Dallas — If one of the bad guys looks somehow familiar when you see the rock musical We Will Rock You, it may be because this isn't his first Texas rodeo. P.J. Griffith, who plays bad guy Khashoggi in the show, also played bad boy Jett Rink when Dallas Theater Center presented Michael John LaChiusa's musical, Giant, in 2012 as it made its way to New York. We Will Rock You is the British hit musical in its 12th year in London's West End that's built around 24 of Queen's hit songs. The show's first U.S. tour, which began in October, makes its way to Dallas Summer Musicals and the Fair Park Music Hall March 4-16. Griffith took the time during his week off before heading to Dallas to talk about being a bad guy and air punching.
TheaterJones: American Idiot, Rent, Tommy...you have quite a history of rock musicals. What attracts you to them?
P.J. Griffith: Yes—I have the market cornered on the rock musical bad guys—Cousin Kevin, St. Jimmy, Roger. It's all about great songwriters and lyricists. I love rock—I'm a metalhead, Radiohead, Ozzy Osbourne. There is a certain theatricality to the storytelling that translates well to the stage. I've done workshops with bands and rock singers and songwriters. I just love when songwriters create characters that have an "over- the- topness" of being a human being.
So really what's missing from your resume is Rock of Ages?
It is so funny you say that because at one point our show was playing in a theater next to Rock of Ages, and it was a full-out, wear-torn-T-shirts, don't-wash-your-hair punk vs. heavy metal war between the casts.
How long have you been with the show?
Since rehearsals in September, then the start of the tour in Baltimore in October, so almost six months.
Who is your character in the show?
I play Khashoggi, who is this futuristic, silly villain. He is the commander of the secret police trying to crush the Bohemian revolution. And while he's the head of this military/corporation, he's secretly in love with what he's trying to crush. It's Javert meets Billy Idol. It is not Sondheim. The director [British comedian Ben Elton] is a silly dude, and he gave us the green light to just play. The show is almost a mock-up of Mamma Mia, but turned up to 11. The megamix at the end turns into a full-out rock concert. The audience just goes wild.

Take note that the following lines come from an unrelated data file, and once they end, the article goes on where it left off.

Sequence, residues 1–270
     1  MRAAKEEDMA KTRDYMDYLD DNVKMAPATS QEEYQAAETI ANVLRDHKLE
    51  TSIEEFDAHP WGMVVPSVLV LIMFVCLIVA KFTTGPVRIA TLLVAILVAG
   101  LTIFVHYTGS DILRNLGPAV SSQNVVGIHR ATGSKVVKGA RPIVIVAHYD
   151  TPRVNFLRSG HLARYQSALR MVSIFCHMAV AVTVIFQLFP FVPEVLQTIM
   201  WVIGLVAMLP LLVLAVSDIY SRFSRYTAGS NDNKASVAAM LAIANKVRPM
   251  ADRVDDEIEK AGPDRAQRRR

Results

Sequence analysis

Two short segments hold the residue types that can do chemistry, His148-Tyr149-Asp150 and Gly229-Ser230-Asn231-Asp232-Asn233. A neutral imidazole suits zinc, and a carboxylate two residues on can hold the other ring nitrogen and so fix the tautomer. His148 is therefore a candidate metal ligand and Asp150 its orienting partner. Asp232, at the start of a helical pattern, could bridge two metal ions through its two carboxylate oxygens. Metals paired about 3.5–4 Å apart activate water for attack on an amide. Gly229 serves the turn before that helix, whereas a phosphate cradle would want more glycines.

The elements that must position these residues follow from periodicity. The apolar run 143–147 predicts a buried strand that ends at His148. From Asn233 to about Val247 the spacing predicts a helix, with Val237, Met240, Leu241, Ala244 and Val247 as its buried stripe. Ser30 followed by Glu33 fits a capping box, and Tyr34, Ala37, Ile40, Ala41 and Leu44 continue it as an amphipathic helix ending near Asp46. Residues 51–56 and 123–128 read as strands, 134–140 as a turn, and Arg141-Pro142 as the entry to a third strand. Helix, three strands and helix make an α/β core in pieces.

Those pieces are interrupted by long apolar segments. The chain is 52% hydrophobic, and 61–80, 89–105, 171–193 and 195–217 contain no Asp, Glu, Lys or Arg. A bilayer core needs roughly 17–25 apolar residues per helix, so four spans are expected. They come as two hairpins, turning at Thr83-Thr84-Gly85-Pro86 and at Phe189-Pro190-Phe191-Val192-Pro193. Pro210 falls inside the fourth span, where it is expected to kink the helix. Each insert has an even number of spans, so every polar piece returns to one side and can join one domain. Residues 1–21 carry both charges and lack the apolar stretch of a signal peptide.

How has the show evolved since you began with it?
The show has changed a lot since the London production. The writer [again, Ben Elton] wanted to tailor it more to American audiences, so there are added jokes about twerking, Justin Beiber, Target—all uniquely American things. He did the same thing recently for shows in Mexico—we had a joke about a store that's like the Mexican K-Mart. Part of the process has been banging jokes off the wall and choosing what will stick and what will remain funny six or eight months down the road, like Justin Beiber and Taylor Swift, they'll probably always do stupid stuff. The show is a theatrical amoeba.
What is your favorite moment in the show?
It's probably at the end of Act I. That's when I get to do my really crazy stuff, like put the entire cast in a laser cage, then one of them breaks out, and it becomes an ogre battle. It's pretty funny. It's the silliest Act I finale in the history of theater, guaranteed.
What is your favorite Queen song?
It's "A Kind of Magic" from The Highlander soundtrack. It's a quirky, weird song that I get to sing with the Killer Queen. It's remixed in the show to be a sort of gospel ballad. I am a huge Queen fan!
What can audiences expect?
Expect a two-and-a-half-hour party . A good time. A loud, in-your-face party with silly jokes. The show never, ever takes itself too seriously. It's a fun night that's definitely worth having a couple of cocktails before. The show is full of unbelievable talent form the UK, Canada and New York—incredible voices.
Have you met any of the guys from Queen?
Yes! They are famous for popping up in random cities and picking up a guitar. Brian May played on opening night. We knew in advance that day because of sound check because he likes things really loud. The cast always knows when they're there because this is the kind of show when someone could actually die if there wasn't that prep work with a new person on stage.
Why do people like this show so much?
It introduces a new audience to the Queen catalog. Most of the fans coming into it don't know all of their music. There were a dozen hits that were huge in America, but on top of that, there are a dozen more people didn't know before. The incredible catalog of Queen is really lots of genres from bebop to country to operatic—it's really the whole musical gamut.
Is there head-banging for “Bohemian Rhapsody”?
There is a TON of head banging. And when in doubt, we punch the air. There is air punching in the thousands.
What was your experience like here in Dallas with Giant?
It was fantastic. Kevin Moriarty had just started, and it was his first big project. It was just this bombastic, super artsy experience that we then took to the Public Theater in New York. I played Jett Rink, who is really a more despicable character in the book than in the movie. The reception the show got was good, but I think people really wanted to see these iconic moments from the movie, and it went in a different direction. It was set in Texas, but it's really a story about greed and manipulation and relationships. The people in Dallas had more preconceived notions about it than they did in New York.